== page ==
David is prevented from going into battle against the Philistines in conjunction with Saul. That actually never happened in the story of these two kings, they never went into battle together against Philistines.  While David was out trying to do something that was outside of his purpose – specifically attempting a futile battle against “sin,” the Amalekites attack. This was an unprovoked attack. Have you ever been cruising along and felt like you were attacked for no reason?  I have always taught that there are three sources of trouble in life. There is certainly our sin that produces trouble. Sometimes the enemy is attacking. The third is “Amalekite” attacks, those troubles we face simply because the world is a mess, and other people do things that make a mess for us.

When David and his men see what has happened, it says that they wept until they could weep no more. All of their strength was gone. I know we have all been there before. The book of Psalms records David’s struggles in dealing with the troubles in life. He often asks God “what gives?” That is my paraphrase, of course. God knows we are human and that we get tired and frustrated with the things that happen in life sometimes. In the Psalms, we frequently see how David moves from that emotion to confidence and victory by reminding himself of how big God is and what He had done in the past.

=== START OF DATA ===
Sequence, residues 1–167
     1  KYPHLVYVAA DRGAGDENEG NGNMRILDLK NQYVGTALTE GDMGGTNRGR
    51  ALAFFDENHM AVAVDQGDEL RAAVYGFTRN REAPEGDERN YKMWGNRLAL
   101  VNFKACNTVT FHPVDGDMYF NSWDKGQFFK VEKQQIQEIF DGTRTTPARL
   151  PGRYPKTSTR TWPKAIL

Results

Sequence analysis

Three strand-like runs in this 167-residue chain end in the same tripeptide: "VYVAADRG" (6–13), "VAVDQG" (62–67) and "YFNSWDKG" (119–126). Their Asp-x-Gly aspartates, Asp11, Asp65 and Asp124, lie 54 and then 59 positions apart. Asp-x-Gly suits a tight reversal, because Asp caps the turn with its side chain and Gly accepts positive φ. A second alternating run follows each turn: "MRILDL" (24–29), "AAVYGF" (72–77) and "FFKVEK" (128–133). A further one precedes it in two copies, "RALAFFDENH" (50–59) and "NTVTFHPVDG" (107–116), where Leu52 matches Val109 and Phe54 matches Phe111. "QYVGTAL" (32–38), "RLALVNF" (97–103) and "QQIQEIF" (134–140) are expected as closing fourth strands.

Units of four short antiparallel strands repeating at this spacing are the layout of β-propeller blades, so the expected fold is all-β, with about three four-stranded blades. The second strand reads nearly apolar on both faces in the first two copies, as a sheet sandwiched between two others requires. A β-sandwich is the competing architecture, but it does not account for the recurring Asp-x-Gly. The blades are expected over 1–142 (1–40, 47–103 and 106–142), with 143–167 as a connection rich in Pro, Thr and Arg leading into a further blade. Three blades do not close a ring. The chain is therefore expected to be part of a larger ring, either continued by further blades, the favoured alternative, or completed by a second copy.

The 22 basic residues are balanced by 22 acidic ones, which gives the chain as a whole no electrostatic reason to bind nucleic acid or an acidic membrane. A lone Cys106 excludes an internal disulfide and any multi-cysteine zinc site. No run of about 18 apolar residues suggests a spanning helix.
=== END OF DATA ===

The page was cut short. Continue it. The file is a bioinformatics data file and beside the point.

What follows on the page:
David does the same here. His life was at a low point. Since he was anointed to be the next king, the current king sought to kill him and now he had lost his family. If that was not bad enough, now David’s men, in their frustration, want to kill him. Instead of doing what condemnation would do – which is recount all the ways in which he may have failed that caused this turn of events, he “strengthened himself in the Lord his God.”  That is the first step. After we’ve cried it all out and dealt with the emotion, we need to find strength in the Lord. That will only happen when we have a revelation of grace. We must know that, by the blood of Jesus, we deserve God to strengthen us.